Is nothing like winter in Wellington! The team are back in Samoa for the village consultation stage of this year-long project. To recap: Funded by NZ Aid Programme, GNS Science and the Samoa Disaster Management Office (DMO) have partnered to produce tsunami evacuation zone maps for all of Samoa, and pilot the creation of community maps in four villages. The project (as far as GNS is involved) will conclude with an evacuation drill later this year. The roll-out of community maps for the rest of Samoa will be undertaken using in-country expertise in mapping and community consultation at the Ministry of Natural Resources and Environment in Samoa, and other, associated ministries. It feels a little odd to be here without Nora, but she is now at home with baby Giles and we are continuing her great work in establishing the project.
Stages of the project completed so far include the Inception Visit (the subject of previous blogs), near and distant tsunami source modelling for Samoa, data acquisition to assist modelling, and inundation and evacuation zone mapping. Much of the technical work was undertaken at GNS Science in New Zealand. We now have draft evacuation zone maps for Samoa similar to those used by Wellington and Northland communities in NZ. These need local input to be relevant and meaningful.
Community consultation will include discussion with village populations and then more detailed consultation in three groups: men, women and youth. The purpose of the consultation is to allow locals to draw their own evacuation routes on maps and identify the best location for safe evacuation destination and signage. We also discuss how the tsunami maps align with previous hazard maps developed for villages, how they integrate with existing disaster management arrangements including official warnings, and very importantly the indicators and actions applicable to natural warnings (strong or prolonged shaking, unusual ocean behaviour or sounds etc).
So we have a busy month ahead, we spend three days in each village with small breaks in between to write up notes and re-charge our batteries. All the consultations will be in Samoan, and we travel as part of a team of trained facilitators from Samoan government agencies lead by Vaitoa Toelupe of the DMO. The GNS members are there to provide technical support to facilitators as villagers discuss and customise the maps and undertake village walk-throughs of evacuation routes and safe locations. Most editing will be in the form of drawing on routes, safe locations and important landmarks such as churches and schools.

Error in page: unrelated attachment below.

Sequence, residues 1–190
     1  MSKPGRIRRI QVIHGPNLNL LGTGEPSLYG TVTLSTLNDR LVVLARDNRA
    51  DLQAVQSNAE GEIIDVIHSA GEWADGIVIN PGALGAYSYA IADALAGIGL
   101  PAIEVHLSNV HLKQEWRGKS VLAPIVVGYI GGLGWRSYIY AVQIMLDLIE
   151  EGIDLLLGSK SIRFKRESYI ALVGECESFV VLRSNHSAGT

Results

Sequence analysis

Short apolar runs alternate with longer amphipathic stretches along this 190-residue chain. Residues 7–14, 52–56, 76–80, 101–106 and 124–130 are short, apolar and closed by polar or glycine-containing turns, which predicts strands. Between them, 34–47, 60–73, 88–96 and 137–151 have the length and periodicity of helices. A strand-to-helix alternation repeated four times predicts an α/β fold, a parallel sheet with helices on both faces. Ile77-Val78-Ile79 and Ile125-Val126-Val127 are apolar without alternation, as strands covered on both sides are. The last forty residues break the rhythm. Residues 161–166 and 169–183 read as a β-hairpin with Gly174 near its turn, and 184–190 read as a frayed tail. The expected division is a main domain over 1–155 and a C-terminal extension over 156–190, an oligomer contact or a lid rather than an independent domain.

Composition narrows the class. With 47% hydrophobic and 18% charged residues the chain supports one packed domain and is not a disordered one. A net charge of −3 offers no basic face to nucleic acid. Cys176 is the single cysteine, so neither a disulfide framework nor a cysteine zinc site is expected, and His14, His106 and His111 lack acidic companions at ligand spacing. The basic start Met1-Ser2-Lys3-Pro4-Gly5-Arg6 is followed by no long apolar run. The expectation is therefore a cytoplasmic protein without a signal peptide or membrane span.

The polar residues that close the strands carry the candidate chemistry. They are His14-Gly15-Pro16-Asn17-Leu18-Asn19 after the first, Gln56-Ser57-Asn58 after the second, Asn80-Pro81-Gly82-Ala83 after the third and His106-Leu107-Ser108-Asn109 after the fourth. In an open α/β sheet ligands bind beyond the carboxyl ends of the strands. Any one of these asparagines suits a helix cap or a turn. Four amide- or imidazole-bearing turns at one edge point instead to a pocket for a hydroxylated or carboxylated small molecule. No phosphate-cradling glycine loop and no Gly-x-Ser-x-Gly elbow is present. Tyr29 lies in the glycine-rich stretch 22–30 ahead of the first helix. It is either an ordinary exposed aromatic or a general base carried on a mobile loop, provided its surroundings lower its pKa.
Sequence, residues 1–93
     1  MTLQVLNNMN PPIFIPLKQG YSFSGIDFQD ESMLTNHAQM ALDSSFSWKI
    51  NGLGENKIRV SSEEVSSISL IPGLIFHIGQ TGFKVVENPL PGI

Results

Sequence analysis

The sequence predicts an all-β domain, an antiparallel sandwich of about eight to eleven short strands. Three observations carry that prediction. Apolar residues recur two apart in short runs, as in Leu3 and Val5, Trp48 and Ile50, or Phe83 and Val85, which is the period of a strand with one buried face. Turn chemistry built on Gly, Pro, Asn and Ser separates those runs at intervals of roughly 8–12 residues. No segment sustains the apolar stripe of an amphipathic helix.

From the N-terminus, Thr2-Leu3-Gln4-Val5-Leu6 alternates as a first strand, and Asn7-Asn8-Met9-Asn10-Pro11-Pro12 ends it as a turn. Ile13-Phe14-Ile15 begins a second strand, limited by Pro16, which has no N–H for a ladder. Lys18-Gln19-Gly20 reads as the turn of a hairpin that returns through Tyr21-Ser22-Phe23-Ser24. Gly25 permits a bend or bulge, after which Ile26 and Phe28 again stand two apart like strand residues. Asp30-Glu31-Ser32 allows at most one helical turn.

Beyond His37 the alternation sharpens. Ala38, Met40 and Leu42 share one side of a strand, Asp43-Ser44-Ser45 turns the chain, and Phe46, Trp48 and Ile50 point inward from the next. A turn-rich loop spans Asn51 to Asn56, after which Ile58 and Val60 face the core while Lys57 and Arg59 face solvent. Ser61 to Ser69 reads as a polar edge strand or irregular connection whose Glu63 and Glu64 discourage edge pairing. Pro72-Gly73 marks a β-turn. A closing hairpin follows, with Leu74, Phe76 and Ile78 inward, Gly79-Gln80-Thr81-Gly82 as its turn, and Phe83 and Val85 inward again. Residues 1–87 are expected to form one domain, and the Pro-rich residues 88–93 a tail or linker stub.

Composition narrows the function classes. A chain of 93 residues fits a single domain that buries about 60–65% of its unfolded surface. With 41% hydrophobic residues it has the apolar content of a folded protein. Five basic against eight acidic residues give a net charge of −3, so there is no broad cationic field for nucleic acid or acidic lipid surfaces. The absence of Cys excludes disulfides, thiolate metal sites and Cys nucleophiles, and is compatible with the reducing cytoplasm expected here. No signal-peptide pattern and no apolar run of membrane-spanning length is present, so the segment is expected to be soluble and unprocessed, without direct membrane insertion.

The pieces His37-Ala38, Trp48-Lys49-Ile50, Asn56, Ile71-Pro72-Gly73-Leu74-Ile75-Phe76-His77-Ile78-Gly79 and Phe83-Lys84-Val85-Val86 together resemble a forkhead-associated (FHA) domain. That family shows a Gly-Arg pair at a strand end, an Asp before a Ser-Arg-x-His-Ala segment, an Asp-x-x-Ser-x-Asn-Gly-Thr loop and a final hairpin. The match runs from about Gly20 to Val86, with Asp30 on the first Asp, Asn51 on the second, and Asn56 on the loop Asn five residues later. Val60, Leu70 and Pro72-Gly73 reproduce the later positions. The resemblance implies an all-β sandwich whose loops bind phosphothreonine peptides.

As part of the team Michele, Graham and I will travel to Mutiatele and Malaela on the southern part of the east coast of Upolu, then to the village of Poutasi in the middle of Upolu’s south coast. Graham and Michele will then head back to New Zealand and I will be joined by Brenda Rosser from the GNS business development team but also a GIS mapping aficionado, with a keen interest in working with our partners in the Pacific. Brenda and I will join teams heading to Faleu on Manono Island (the small, inhabited island between Upolu and Savai’i. The final village consultation is in Satupaitea district on Savai’i and strictly speaking covers four villages. All of the pilot areas were severely impacted by the 2009 tsunami, and have a long history of community hazard infrastructure planning with the DMO.
So it’s a warm, busy and exciting month ahead for me. I know I’ll get a bit homesick for my family and cold, windy Wellington but the welcome, the weather and excitement of being involved in such a valuable and locally supported project will really help (not to mention the odd cold Vailima at the end of the day).